What ever happened to personal accountability?

  • Published
  • By Lt. Col. Sheila Robinson
  • 9th Medical Support Squadron Commander
We are living in a society where it is so easy to blame someone else for everything that happens to us, especially the bad. In an effort to become a gentler, kinder Air Force, I believe we have lost the essence of personal accountability.

Recently the 9th Medical Group has seen an increase in the number of Airmen arrested for driving while under the influence and testing positive for drugs. It is difficult for the leadership to understand why Airmen are still having problems with alcohol related incidents and drug usage when it has been emphasized that there is a no tolerance policy, and education is stressed frequently through the "0-0-1-3", "Don't Drink and Drive", and the "Just Say No" Campaigns.

Marketing of the no tolerance policy and these campaigns are expressed at every given opportunity such as Commander's Call, on flyers plastered around the base, and on cards and trinkets issued to Airmen at several different venues.

So why do we still have Airmen who chose to drink and drive, and do drugs despite a culture that preaches that these activities are not compatible with being an Airmen in the Air Force?

When does the individual become responsible for, and we hold them accountable for their choices?

We live in a society where individuals demand to be recognized for doing nothing more than the job in which they are paid to do, but refuse to accept accountability for the bad choices or mistakes that they make.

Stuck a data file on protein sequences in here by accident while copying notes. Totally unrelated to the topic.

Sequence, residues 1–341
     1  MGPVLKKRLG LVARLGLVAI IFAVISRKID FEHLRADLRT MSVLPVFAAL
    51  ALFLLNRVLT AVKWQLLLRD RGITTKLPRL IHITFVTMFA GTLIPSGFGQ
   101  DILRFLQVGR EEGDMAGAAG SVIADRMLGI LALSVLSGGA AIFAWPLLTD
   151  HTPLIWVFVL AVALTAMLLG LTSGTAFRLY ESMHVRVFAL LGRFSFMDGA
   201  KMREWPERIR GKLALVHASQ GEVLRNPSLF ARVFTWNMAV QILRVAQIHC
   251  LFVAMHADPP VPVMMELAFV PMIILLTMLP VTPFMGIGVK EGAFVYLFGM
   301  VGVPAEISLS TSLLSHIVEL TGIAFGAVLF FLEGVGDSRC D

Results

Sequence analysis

It is easier for individuals to create an excuse or blame someone else for their bad choice or mistake rather than taking personal responsibility. It takes a greater person to accept responsibility for their actions and be able to sincerely say it was their fault or "my bad", and move on and learn from their mistake or bad choice.

As leaders, we have become complacent in demanding more of our Airmen, more of ourselves. Senior leaders are afraid to correct individuals that are not meeting standards just to avoid conflict.

As leaders, how can we expect an individual to be responsible when we are failing to hold them accountable?

My organization's leadership decided to conduct a mandatory commander's call in an effort to generate discussion and provide possible solutions to combat our recent series of ARIs and drug usage. Although many felt to conduct this commander's call after hours was a form of punishment, the goal was to have the entire group come up with new ideas and recommendations on how to resolve these issues.

During this commander's call, small groups were formed and the issues were to be addressed by rank.

The Airmen were to discuss ways leadership could help them desire to follow the no tolerance policy. They were to discuss how to develop a contingency plan when they participate in high-risk activities.

NCO's and first-line supervisors were to discuss how to talk to the Airmen about being responsible and reinforcing the Airmen's plan.

Senior NCOs and officers were to discuss leading by example and holding individuals accountable.

After great interaction, my take away from the call was that the Airmen wanted more discipline, to be held accountable, and to work in an environment that encourage and fosters excellence. ARIs and drug usage is a choice.

As we draw down our forces, we cannot continue to spend our time and resources on individuals who make bad choices, and continue to engage in activities that are not compatible with the Air Force.

Airmen want to be held accountable for their choices.

As leaders, we should give them exactly what they expect of us, to hold them accountable for their personal choices.